Well, this is interesting.
I’m sure everyone’s heard by now of that Atlanta lawyer infected with tuberculosis who is the ultimate representation of self-entitlement and arrogance. In short, if you didn’t hear: when he was advised by doctors not to travel, he went on a trip to Europe. When contacted by the U.S. CDC in Italy and told his condition was far worse than expected, that he was NOT to travel (and in fact put on the no-fly list) and to report to Italian medical officials for isolation, he snuck back into the US. He’s now claiming he did nothing wrong and that people shouldn’t be upset with him, despite the fact that he endangered everyone around him with his selfish “I’m more important than God” actions.
By sure I’m sure everyone who isn’t living under a rock and has access to electricity has heard about the lawyer in Atlanta who did some world traveling while being infected with TB, right? Andrew Speaker. Turns out this was a guy I went to highschool with.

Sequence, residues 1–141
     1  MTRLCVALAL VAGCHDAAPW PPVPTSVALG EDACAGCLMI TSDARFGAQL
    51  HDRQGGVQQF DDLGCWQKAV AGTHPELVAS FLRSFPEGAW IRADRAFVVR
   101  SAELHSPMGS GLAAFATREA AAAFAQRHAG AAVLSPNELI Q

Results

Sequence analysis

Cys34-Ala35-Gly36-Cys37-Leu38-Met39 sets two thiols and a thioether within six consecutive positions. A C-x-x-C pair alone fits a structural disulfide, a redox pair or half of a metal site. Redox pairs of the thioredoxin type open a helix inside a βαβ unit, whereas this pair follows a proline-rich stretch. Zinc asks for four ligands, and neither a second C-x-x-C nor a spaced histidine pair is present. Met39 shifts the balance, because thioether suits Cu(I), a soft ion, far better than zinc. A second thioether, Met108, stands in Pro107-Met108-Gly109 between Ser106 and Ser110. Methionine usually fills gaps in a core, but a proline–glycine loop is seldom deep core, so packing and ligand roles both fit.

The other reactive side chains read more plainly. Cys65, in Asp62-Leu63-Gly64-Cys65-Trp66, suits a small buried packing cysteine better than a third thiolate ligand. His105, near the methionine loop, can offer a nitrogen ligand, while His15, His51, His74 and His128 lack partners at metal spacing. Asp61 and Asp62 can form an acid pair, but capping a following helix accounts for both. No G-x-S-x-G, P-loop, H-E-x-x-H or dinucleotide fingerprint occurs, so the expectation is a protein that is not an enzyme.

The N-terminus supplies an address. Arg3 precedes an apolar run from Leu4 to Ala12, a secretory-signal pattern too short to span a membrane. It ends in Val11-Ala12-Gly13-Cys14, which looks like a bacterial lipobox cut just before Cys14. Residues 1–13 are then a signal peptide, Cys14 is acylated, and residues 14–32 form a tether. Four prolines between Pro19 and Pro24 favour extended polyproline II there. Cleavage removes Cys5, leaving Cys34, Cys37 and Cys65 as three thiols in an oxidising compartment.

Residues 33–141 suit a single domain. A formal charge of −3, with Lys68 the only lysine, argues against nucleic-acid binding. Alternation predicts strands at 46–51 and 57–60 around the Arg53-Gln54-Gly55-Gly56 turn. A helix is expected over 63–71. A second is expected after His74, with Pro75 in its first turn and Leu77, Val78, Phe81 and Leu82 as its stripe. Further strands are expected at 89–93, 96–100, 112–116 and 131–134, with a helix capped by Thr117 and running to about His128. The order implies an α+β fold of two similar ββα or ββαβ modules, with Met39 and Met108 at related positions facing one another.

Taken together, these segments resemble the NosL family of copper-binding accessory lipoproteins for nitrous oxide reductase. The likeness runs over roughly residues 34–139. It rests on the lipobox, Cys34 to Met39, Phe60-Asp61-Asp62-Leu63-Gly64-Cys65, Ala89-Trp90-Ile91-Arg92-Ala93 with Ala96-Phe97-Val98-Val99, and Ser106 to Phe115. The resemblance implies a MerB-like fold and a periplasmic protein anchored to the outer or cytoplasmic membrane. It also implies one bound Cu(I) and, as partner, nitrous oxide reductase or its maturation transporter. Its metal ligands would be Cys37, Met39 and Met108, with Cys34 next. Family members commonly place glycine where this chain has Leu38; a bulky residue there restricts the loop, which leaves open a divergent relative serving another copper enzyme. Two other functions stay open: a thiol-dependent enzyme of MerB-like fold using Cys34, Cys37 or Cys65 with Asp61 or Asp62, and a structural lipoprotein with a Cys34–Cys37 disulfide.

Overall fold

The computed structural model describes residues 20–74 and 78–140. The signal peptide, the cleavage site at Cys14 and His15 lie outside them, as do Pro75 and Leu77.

Speaker and I went to Mount Vernon Christian Academy together. I was a sophmore and he was a senior, but we were both in Year Book class together so we saw each other just about every day. Let me tell you, the guy was a douchebag back then, and it appears nothing has changed. He’s a personal injury attorney, so even if he didn’t risk infecting groups of fellow airtravelers, he’s still about as low on the lawyer scale as it gets.
He was also the one senior that none of the underclassmen respected. I wouldn’t go so far as to call him an asshole or anything like that. Best I can describe him would be “obliviously arrogant.” It’s not that he thought he should receive special entitlement or anything, it’s more along the lines of he’d expect special entitlement, without realizing no one else was getting it.
The definitive memory I have of him was sitting in class with him while he was reading the Victoria’s Secret catalog. Our teacher walked by, and took it from him. He raised high hell trying to get it back because he couldn’t understand why he couldn’t read it.
So Andrew, nice to see you’re the same as ever. I take an odd kind of comfort knowing that some things haven’t changed since high school.